INDIA HAS BECOME AN EPICENTRE OF COVID-19 - AND WE NEED YOU.
The women, men and children of India are today facing a fight like none other.
Families in poverty – already living a hand-to-mouth existence – are at risk of not just sickness, but starvation and homelessness as they struggle to survive in a new ‘COVID’ world without a means of earning an income to buy food or pay rent – let alone keep themselves safe from infection.
Far more than a health pandemic, this is in fact a humanitarian crisis.
Daily, this pandemic has reminded us just how like each other we are – whether home is a suburban neighbourhood in Australia or a dusty village in India. When we see our brothers and sisters across the world grappling with lockdowns or walking streets in face masks, we’re reminded that we are far more alike than we are different.
AND RIGHT NOW, OUR FELLOW HUMANS NEED US MORE THAN EVER.
The situation in India is desperate. It’s nothing like it is here. We’re not facing COVID-19 in an overcrowded slum or isolated and alone, hundreds of kilometres from the nearest hospital. These families – mothers, fathers and children – often have less than a dollar or two a day to pay for food, rent and medical care. They don’t have access to soap and clean water and masks – and they may never, unless we reach them. And we need to reach them before COVID does.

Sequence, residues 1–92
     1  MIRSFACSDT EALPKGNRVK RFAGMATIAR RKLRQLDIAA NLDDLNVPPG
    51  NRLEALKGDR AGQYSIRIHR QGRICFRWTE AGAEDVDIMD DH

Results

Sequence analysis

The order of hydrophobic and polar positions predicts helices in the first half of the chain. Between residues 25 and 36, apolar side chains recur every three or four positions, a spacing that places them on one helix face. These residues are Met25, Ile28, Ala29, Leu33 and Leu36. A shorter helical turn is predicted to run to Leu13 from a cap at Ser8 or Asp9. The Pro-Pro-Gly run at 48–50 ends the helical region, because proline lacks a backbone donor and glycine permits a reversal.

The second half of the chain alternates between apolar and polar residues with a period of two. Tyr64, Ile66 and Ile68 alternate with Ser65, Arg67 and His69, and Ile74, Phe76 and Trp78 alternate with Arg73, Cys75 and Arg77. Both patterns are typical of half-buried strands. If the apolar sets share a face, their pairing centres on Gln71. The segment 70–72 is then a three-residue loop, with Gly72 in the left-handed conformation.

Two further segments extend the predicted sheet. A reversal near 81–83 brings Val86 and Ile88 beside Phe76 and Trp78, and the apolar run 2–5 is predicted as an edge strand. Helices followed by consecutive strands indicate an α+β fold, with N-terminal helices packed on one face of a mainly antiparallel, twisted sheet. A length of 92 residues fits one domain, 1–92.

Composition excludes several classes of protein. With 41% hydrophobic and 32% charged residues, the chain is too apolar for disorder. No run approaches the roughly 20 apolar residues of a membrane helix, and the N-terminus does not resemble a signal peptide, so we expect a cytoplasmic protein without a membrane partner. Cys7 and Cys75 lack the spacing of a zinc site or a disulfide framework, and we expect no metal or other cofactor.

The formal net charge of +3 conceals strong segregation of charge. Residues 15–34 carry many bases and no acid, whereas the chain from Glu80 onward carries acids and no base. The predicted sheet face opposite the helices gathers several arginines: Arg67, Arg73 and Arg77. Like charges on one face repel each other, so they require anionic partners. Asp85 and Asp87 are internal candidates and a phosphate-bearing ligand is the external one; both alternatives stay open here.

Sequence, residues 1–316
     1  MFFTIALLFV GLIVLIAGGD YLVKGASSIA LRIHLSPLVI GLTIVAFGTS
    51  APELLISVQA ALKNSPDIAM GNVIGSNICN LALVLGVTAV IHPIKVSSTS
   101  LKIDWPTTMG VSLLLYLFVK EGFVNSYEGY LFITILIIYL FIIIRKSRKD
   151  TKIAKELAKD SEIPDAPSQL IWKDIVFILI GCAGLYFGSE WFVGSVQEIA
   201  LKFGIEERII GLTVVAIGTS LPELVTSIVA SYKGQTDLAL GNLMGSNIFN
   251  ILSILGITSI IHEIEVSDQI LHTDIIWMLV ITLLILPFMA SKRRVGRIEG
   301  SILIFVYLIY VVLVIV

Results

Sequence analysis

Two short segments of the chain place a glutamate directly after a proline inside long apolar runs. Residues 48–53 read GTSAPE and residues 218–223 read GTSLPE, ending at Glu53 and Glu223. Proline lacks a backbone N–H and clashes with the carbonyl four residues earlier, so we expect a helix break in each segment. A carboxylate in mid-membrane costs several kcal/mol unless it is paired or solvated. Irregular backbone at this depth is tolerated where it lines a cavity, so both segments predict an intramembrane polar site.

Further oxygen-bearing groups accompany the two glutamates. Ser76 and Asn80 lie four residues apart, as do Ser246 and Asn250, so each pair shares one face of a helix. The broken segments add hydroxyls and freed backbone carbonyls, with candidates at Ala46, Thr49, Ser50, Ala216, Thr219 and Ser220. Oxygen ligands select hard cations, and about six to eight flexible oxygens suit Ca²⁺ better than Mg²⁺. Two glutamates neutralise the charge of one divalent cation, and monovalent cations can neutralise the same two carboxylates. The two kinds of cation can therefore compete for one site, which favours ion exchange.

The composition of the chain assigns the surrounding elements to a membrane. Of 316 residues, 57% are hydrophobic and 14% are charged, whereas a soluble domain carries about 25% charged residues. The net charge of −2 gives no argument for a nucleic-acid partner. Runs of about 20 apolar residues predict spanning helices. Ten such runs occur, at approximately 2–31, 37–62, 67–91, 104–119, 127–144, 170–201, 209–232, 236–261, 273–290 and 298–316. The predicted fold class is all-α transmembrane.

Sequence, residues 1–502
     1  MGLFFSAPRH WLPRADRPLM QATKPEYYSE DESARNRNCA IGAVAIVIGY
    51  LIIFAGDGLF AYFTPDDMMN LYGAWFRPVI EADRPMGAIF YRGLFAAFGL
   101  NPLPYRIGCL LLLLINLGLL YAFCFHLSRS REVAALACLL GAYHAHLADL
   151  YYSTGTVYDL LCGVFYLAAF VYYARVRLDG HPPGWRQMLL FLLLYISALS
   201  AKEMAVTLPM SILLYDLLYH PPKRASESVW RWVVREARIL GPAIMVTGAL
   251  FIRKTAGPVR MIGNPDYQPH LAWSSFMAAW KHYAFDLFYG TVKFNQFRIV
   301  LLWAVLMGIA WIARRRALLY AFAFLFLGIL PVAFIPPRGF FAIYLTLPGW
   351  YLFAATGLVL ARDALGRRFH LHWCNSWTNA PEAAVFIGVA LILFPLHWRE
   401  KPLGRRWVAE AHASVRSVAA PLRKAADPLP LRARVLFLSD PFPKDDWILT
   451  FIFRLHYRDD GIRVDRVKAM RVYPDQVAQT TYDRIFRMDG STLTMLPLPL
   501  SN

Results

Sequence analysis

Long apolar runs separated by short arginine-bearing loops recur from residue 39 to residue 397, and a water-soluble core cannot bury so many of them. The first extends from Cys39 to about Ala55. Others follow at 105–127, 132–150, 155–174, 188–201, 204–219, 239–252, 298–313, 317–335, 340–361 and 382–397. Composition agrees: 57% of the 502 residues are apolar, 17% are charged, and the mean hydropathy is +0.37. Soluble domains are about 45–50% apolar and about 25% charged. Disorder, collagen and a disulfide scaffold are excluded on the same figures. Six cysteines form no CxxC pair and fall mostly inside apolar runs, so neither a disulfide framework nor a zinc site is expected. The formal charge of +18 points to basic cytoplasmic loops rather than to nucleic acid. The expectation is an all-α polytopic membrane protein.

Mark Daniels, Asia Programs Director, Opportunity International Australia.
If our renewed sense of our own humanity has taught us anything, it is that these are real people facing terrifying threats. We must do what we can to help.
Please, can you help families in desperate need survive COVID-19?
What we're doing
With your support, we can continue to reach families in poverty with crucial interventions, helping them survive this pandemic and rebuild into the future.
Running mobile clinics offering health check-ups and virus screening.
Our local program partners are distributing food, drinking water, soap, sanitiser, gloves and face masks.
Conducting crucial health education classes and awareness campaigns.
Loan moratoriums have been offered to ease financial burden for families as well as ‘restart loans’ of around A$200 for those wanting to kickstart businesses.
Vandu lives with her husband, children and in-laws in Maharashtra, India. Crammed into a tiny home, the family’s monthly income prior to the pandemic was just Rs.8,000 (A$152). That’s just 70 cents per person, per day.
To buy groceries or pay for medicine when they’re sick, they have to beg and borrow from relatives. Each day they walk 20 minutes just to fetch water from a well.
Maharashtra is now a COVID-19 hotspot, with a fifth of India's caseload – responsible for nearly 40% of deaths. For families like Vandu’s, the prospect of facing COVID-19 in the grip of poverty is terrifying.
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